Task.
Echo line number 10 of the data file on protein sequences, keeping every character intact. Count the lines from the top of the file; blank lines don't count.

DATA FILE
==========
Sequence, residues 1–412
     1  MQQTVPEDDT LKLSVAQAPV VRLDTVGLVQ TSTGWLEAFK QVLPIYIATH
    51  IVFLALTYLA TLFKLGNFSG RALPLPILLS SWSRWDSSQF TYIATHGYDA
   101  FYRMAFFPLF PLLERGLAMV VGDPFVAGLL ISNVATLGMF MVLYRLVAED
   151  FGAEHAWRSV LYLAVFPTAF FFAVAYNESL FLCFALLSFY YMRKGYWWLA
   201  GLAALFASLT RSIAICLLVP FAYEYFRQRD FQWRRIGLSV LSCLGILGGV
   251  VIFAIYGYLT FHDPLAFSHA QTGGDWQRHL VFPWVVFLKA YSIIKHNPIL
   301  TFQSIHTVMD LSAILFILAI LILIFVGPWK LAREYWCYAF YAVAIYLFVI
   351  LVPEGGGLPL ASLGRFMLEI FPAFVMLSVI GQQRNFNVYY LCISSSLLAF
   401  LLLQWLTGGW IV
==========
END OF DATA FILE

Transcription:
   401  LLLQWLTGGW IV